• How to use the QualityAssessment Guidebooka. Pre-planning for the assessmentA number of decisions must be made before an assessment of the adolescent-friendliness of healthservices can be conducted. To help you get started, below is a list of questions you should consider 3before you start planning the assessment:1) What is the scope of your assessment?a. How many health facilities will be assessed?b. What is the size of the health facility? i. How many health-care providers are employed at the facility? ii. Is there an outreach component? iii. What types of health services does the health facility offer? iv. Will all the types of health services be assessed or only those relating to reproductive health?c. Will all the adolescent-friendly health characteristics be assessed or is the focus to be on assess- ing a subset or a particular domain (e.g. looking at the characteristics that deal with health-care providers)?2) Have national quality standards been developed by the Ministry of Health?If so, the assessment should be based on characteristics of adolescent-friendly health services thatare most closely aligned with the established standards. As an example, one of the standards agreedupon by the Ministry of Health in Tanzania is that “service providers in all delivery points have therequired knowledge, skills and positive attitudes to provide sexual and reproductive health servicesto adolescents effectively and in a friendly manner”. This standard could be aligned with the follow-ing characteristics.a. Characteristic 11: Health-care providers are non-judgmental, considerate, and easy to relate to.b. Characteristic 17: Health-care providers have the required competencies to work with adolescents and to provide them with the required health services.c. Characteristic 18: Health-care providers use evidence-based protocols and guidelines to provide health services.The assessment then could serve as a mechanism for tracking how standards are reached. If somestandards cannot be linked to one of the 20 characteristics of adolescent-friendly health services,additional questions and/or observation items should be framed.3) What time and resources are available?a. How many days can you and your team work on the assessment?b. Do you need extra funds to help you carry out this assessment?c. Are adolescents able to be involved in this assessment? Quality Assessment Guidebook 5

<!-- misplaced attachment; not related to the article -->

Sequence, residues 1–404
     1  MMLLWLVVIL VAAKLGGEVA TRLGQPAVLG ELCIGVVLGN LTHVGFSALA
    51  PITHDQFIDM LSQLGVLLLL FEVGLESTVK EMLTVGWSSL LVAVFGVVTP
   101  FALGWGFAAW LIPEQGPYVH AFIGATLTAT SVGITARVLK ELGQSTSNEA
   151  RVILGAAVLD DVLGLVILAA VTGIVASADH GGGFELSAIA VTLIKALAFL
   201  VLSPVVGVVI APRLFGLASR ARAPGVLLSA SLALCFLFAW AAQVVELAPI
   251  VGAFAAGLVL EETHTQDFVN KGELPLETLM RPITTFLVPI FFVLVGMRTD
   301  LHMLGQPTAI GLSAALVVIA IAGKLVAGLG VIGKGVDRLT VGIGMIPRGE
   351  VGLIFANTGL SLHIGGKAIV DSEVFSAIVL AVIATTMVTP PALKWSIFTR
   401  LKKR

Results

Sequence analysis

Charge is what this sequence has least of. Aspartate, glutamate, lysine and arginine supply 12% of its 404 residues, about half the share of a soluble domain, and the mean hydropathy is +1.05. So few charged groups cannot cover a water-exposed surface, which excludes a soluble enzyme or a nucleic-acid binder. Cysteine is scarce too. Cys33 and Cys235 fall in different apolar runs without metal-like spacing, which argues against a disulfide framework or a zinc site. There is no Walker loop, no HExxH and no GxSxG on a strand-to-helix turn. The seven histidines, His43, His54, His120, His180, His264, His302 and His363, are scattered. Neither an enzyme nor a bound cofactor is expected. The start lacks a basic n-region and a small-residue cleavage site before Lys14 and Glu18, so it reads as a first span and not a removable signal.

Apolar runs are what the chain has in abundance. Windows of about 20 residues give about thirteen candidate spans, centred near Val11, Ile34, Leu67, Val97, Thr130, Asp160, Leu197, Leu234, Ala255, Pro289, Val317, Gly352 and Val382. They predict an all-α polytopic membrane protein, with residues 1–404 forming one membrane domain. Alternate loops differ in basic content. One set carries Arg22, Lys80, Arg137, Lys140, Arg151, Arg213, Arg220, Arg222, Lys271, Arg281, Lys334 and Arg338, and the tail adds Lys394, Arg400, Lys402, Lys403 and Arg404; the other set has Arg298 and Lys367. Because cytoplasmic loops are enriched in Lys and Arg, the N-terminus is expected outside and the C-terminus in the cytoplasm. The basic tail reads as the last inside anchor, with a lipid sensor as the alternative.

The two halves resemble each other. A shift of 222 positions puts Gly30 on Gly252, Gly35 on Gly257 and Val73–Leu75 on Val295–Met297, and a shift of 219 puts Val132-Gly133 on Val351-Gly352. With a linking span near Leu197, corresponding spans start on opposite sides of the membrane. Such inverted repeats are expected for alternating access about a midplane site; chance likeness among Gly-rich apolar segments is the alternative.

• d. Are community members (e.g. parents) able to be involved in this assessment? These questions are important because they greatly influence the type of data you will collect and the preparations that you must make to plan and strategize your assessment. Example of pre-planning for the assessment In the (fictional) rural district of Boyumangu, there are five health facilities and one hospital. Although the district health manager would like to assess these facilities on all of the characteristics of adolescent- friendly health services, she knows that she does not have a great deal of time and money. Instead, she decides to assess a subset of the list of characteristics and concentrate only on assessing the health-care providers of the health facilities and hospital that provide reproductive health services. With this in mind, she selects the following list of adolescent-friendly characteristics. • Health-care providers treat all adolescent clients with equal care and respect, regardless of status. • Health-care providers are non-judgmental, considerate and easy to relate to. • Health-care providers have the required competencies to work with adolescents. • Health-care providers use evidence-based protocols and guidelines to provide health services. • Health-care providers are able to dedicate sufficient time to work effectively with their adolescent clients. From this list, she knows that she must collect data from adolescent clients and the health-care providers from each of the health centres. She also wants to observe the interactions of a small sample of health- care providers and their adolescent clients. She decides that planning, collecting and analysing the data for this assessment will take approximately two to three weeks. From this initial appraisal, she can start to assemble her team and set up a meeting to plan the assessment. b. Planning for the assessment The assessment team: Depending on the scope of your assessment and the time and resources you have available, your first activity is to identify your assessment team. Ideally, the assessment team should consist of a member of the district health management team, health facility manager(s), adolescents and respected mem- bers of the community (e.g. parents of youth, teachers and community leaders). The member of the district health management team could be a team leader and coordinate the implementation of the assessment. Certain personal characteristics and qualities are important when collecting information from others. In selecting people to be included in the assessment team, you should choose those who have some of the necessary skills and/or experience, summarized in the following box:6 Quality Assessment Guidebook